6. Our most proud moments are usually born out of difficulty. Any good kitchen is gonna get its ass kicked on a regular basis. In the midst of the ‘weeds’, and as the chatter of the printer seems like it will never stop, sometimes you feel overwhelmed, stressed and in over your head. But like anything, the storm will pass, and you will come out on the other side, feeling fully alive. You can look around and say, ‘damn right’ — knowing you made it and are better off for it.
7. Your attitude is contagious. This can be a game-changer or your Achilles Heel depending on which side of the fence you are looking over. One thing is true, just about every chef in the country would rather hire a hardworking son of a gun with little experience, but has a contagiously positive attitude, over some pretentious prick who talks a big game, who maybe can cook. It just works out that way — good attitudes and good vibes are contagious. They resonate through entire groups of people. When you have it, it’s hard not to sprinkle it around. Sprinkle that shit everywhere.
8. Experience — nothing can replace it. I screwed up hollandaise sauce hundreds of times before perfecting it, and how many times have I overcooked steak, before figuring out a reliable way to calculate it’s doneness? A LOT. Before mastering anything, effort and experience teach us the things not to do, the pitfalls to sidestep around, and the mental errors to avoid, so that once we are competent in cooking or in anything else, it becomes human nature. Experience allows us to grow into discipline, learning the tools needed to become successful.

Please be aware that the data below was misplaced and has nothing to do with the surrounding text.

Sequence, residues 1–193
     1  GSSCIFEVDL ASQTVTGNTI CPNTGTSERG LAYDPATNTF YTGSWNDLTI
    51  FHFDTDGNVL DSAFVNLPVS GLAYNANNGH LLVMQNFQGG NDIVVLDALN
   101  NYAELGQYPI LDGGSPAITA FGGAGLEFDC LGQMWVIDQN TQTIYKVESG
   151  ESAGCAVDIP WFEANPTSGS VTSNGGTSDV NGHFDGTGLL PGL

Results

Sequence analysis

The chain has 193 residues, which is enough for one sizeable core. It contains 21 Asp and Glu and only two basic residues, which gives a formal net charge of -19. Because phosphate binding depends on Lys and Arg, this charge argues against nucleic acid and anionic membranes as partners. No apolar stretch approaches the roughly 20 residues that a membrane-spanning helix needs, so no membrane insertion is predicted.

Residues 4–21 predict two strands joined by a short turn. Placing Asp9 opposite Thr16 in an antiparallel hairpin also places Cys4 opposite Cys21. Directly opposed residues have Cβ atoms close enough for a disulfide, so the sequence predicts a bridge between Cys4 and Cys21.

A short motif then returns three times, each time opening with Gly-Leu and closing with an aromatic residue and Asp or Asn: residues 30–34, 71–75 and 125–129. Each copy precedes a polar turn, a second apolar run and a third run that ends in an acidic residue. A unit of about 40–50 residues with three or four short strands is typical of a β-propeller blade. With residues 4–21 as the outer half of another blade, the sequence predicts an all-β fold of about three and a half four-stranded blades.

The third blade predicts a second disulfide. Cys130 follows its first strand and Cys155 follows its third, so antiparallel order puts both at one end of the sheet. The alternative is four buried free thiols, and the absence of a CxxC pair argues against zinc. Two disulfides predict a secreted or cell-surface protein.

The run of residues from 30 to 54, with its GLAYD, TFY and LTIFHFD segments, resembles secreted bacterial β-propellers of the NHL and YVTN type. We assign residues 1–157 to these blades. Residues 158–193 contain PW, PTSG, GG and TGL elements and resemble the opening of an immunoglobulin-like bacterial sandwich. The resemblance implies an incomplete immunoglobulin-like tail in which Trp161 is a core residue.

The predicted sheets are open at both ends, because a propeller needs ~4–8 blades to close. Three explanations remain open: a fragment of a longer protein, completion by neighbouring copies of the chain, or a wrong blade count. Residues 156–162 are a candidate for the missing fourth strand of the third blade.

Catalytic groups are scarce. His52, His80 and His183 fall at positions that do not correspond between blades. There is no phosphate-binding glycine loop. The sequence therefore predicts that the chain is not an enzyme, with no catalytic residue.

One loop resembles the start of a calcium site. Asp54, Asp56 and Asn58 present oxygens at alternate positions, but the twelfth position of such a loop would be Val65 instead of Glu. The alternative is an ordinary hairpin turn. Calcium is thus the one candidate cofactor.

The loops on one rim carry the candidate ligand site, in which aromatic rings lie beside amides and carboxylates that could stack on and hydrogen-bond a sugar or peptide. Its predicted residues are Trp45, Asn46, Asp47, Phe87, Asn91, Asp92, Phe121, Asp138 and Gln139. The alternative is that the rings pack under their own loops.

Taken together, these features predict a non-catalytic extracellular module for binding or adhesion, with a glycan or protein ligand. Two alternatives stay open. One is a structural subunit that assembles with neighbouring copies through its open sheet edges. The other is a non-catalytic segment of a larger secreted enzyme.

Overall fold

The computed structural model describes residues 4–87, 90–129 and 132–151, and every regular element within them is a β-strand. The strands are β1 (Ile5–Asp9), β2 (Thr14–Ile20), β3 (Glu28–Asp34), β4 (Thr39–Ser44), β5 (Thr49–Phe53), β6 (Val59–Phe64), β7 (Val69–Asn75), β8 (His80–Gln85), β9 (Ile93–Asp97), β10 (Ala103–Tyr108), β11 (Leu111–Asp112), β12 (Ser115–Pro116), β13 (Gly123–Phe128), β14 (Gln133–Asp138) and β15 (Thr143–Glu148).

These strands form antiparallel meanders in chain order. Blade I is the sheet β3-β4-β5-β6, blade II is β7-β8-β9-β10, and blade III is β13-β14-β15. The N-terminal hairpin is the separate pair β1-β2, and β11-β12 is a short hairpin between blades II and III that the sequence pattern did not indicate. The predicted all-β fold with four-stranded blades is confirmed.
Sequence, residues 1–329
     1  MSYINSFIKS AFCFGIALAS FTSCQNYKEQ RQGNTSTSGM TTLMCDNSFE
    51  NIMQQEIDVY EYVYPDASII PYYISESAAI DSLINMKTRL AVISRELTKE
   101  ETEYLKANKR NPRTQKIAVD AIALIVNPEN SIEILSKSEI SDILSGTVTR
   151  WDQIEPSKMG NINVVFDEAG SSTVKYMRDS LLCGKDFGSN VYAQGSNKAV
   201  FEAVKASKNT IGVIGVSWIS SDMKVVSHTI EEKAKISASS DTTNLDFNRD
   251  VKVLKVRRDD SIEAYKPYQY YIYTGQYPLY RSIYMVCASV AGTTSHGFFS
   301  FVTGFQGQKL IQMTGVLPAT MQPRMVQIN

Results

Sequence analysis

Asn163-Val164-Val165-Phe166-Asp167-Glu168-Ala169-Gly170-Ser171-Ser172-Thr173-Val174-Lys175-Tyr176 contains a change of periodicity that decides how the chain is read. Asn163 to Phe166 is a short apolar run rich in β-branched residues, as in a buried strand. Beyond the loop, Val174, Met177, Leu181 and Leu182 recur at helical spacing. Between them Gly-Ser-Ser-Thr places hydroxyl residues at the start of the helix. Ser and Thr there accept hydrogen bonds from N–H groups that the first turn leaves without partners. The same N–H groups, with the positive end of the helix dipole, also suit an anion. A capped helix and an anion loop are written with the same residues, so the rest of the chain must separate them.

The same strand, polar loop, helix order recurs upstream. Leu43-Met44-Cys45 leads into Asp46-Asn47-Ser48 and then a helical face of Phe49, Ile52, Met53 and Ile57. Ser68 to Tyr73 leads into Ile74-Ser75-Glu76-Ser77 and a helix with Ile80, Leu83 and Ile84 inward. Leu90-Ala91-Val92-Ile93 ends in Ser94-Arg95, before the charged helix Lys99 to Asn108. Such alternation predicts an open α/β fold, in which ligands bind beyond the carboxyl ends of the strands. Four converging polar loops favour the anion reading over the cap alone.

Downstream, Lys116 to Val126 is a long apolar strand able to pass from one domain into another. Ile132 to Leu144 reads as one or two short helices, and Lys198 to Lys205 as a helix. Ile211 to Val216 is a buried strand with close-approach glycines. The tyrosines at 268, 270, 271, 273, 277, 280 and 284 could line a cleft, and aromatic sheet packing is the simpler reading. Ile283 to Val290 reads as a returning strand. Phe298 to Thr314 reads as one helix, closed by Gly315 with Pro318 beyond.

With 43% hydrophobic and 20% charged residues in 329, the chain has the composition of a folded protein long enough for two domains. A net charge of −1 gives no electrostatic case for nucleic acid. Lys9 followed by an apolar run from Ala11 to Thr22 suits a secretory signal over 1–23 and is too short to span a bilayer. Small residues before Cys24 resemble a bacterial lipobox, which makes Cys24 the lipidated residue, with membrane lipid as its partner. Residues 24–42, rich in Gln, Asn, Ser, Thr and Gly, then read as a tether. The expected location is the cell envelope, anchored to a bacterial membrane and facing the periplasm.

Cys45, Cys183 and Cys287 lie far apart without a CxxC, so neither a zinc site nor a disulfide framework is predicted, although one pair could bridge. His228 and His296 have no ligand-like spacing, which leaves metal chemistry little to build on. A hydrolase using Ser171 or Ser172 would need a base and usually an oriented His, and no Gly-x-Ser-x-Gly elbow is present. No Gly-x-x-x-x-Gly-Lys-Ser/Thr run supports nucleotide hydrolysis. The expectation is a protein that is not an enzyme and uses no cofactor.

9. You can’t make everyone happy, so stop trying to. As chefs, we like to create things a certain way, it’s how we express ourselves. We are born to think outside of the box. Unfortunately, like with any form of art, or with life in general, you can’t be all things to all people. Some people aren’t going to like you, your view of the world, or your art. Who cares — just keep making art; art that’s yours. Build your own damn box.